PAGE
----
“Dominick” never cracked the Billboard Hot 100, but it did come close. For decades it enjoyed a cult status, mainly in Italian-American homes but also on some radio stations, lurking at the edge of Yuletide popularity until 2011, when BBC Radio 1 host Chris Moyles urged listeners to help get the song on the UK Singles Chart. It reached a respectable #3. It currently boasts 42.5 million listens on Spotify. So, clearly, it’s not just an Italian-American thing, despite what my husband says, but it’s clear that it holds a special place in the hearts of my paesan.

For me, no discussion of Italian-American tradition is complete without consulting my family. Their recollections of the song range from “adorable” (my grandmother) to a fun community activity (my grandfather, who recalls a particularly spirited performance by a neighbor), “embarrassing” (my mom) to “hilarious” (my dad). They all associate it with childhood, either their own or something they played for their kids and grandkids. I hear multiple stories of sitting around the living room, or in a grandparents’ basement listening with cousins and siblings and parents. When I ask questions about why we kept listening to it, why they think it resonates with Italian-Americans more than other people, or what they think it says about Italian-American culture, they don’t have clear ideas. The subtext of most of their answers is (kindly) “Jamie, why are you overthinking ‘Dominick the Donkey?’”

I don’t want to overthink “Dominick the Donkey.” This is not a song that lends itself to philosophizing. It’s about a donkey in a derby hat giving presents to little Italian kids. It’s a novelty song from an era where novelty songs were a thing. But that’s kind of what baffles and interests me: this is now a 62-year-old novelty, which is in and of itself a contradiction. What about the grating-yet-endearing “hee-haw, hee-haw” kept it going in our living rooms, parlors, basements, and church parties for decades? This song isn’t an authentic expression of our Italian heritage (actual Italians from Italy are positively baffled by this ditty), but I feel like it is an expression of something authentic about our experience as Italians in America.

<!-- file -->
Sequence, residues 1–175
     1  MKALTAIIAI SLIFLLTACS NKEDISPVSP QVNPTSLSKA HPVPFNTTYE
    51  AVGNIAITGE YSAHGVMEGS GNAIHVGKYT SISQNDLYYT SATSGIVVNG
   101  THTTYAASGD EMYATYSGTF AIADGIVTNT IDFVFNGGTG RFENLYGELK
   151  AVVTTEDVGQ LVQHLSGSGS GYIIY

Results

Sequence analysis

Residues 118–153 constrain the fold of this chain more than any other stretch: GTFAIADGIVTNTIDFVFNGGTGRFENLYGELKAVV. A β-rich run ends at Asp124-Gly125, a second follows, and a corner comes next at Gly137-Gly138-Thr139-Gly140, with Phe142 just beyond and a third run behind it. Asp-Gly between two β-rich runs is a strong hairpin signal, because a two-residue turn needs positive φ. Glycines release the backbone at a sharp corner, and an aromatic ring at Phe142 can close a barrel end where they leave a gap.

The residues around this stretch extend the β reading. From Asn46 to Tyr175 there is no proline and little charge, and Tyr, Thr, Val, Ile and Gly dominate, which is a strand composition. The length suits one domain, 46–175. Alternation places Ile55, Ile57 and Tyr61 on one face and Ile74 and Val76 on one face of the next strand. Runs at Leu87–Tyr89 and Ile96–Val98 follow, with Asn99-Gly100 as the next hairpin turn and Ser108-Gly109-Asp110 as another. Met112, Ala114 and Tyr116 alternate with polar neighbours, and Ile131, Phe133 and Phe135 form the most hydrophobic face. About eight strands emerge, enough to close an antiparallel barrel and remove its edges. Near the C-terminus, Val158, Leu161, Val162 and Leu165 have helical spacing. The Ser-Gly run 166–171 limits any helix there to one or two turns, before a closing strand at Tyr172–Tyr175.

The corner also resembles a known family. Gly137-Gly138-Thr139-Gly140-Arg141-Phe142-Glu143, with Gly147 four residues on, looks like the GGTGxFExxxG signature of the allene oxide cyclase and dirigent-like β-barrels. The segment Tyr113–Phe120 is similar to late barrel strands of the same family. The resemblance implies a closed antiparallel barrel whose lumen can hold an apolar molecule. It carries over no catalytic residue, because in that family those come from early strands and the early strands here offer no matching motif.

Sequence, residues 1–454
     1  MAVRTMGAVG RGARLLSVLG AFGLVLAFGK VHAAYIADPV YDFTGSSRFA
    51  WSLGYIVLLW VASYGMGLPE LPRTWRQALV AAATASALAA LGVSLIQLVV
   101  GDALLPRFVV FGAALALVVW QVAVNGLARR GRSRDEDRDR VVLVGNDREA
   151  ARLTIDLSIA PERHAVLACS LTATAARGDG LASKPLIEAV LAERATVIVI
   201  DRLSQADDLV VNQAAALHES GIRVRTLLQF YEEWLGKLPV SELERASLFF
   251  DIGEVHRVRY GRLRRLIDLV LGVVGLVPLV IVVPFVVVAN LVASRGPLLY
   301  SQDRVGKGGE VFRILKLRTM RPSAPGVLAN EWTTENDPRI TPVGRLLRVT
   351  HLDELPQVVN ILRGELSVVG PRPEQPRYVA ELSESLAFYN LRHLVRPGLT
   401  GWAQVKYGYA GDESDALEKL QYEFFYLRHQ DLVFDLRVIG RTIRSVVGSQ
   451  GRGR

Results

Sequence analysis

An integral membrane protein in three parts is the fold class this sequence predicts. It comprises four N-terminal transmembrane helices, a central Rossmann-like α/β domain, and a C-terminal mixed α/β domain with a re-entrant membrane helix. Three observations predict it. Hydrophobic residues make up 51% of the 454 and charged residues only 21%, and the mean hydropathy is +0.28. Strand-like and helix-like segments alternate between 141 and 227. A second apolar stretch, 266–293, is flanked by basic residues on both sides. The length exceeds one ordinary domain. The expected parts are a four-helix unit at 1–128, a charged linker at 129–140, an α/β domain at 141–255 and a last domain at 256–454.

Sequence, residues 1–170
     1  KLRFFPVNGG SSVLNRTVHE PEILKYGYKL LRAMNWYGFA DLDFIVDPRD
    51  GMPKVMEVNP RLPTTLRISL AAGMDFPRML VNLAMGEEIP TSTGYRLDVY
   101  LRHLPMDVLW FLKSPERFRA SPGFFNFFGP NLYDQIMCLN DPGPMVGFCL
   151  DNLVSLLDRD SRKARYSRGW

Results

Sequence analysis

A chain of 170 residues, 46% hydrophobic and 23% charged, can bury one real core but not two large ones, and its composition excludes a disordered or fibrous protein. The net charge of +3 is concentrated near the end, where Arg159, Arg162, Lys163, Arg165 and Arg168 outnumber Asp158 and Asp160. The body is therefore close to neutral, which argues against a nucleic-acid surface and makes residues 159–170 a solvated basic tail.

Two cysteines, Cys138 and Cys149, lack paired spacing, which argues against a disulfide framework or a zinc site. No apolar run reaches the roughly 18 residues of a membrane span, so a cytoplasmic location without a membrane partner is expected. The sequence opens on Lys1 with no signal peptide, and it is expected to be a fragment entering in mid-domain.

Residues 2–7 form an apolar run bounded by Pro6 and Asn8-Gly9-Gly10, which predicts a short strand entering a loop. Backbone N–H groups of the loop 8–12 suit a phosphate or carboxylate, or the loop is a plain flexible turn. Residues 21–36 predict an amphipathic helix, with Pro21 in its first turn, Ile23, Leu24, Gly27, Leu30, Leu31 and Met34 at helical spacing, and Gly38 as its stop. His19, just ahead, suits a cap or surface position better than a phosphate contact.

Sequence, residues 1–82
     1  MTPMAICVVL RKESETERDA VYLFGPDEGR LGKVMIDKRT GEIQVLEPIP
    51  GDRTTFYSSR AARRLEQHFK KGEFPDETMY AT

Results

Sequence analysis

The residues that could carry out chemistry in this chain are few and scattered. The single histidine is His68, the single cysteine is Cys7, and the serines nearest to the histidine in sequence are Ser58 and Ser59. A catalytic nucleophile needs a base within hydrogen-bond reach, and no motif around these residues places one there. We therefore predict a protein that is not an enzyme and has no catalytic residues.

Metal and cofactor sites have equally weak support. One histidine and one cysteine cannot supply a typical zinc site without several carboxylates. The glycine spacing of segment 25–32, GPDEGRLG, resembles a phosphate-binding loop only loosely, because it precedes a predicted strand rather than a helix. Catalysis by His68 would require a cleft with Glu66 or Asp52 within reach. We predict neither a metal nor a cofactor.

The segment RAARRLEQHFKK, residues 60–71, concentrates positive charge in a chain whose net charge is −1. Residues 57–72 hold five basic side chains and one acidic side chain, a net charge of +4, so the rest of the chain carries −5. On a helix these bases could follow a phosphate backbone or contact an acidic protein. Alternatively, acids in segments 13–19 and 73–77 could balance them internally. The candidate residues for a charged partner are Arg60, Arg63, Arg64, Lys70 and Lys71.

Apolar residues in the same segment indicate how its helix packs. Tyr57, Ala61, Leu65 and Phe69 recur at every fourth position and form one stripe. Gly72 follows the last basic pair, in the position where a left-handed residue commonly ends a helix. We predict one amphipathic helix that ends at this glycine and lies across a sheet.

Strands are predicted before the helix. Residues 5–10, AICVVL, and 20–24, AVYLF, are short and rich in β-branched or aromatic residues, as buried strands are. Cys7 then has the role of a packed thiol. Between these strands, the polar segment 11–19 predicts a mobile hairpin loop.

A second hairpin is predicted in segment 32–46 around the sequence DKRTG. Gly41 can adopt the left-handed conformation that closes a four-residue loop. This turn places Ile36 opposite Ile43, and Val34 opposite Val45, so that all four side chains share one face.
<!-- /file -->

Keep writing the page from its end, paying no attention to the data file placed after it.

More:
Hear me out.

There’s this thing that happens sometimes. A person will bring up some aspect of Italian-American culture. Let’s say pizza. Or how we say certain words, like “mutzadell” instead of “mozzarella.” Then someone else — sometimes Italian, sometimes not — will roll their eyes and say something like “Well that’s not what pizza is like in Italy” or “It’s not ‘mutzadell’ it’s mozzareeeelllaaaaa.” It always bothered me because, on top of being pretentious and obnoxious (I’m offering you cheese, don’t correct my pronunciation, which is valid, by the way) it denies the specificity of Italian-American culture. It’s beautiful and joyful and in many ways very silly, which I say with love. (There’s just no other way to describe a group of people with a food called “gabagool.”) We’re passionate about the specific ways our heritage has developed, thrived, and maintained tradition in America. We treasure it, and we get a kick out of seeing it reflected back at us.

Which brings me back to Dominick. He’s pretty dumb, and kind of annoying, and not Italian-Italian, but he’s ours. For whatever reason, we held onto him longer than most of the country and at this point it just wouldn’t be an Italian-American Christmas without him. And so, being Italian-Americans — a people known for their hospitality (and for feeding you regardless of whether or not you’re hungry) — we welcome all of you to, Italian or not, to join us in celebrating the ridiculousness of “Dominick the Donkey” this holiday season.

Buon Natale!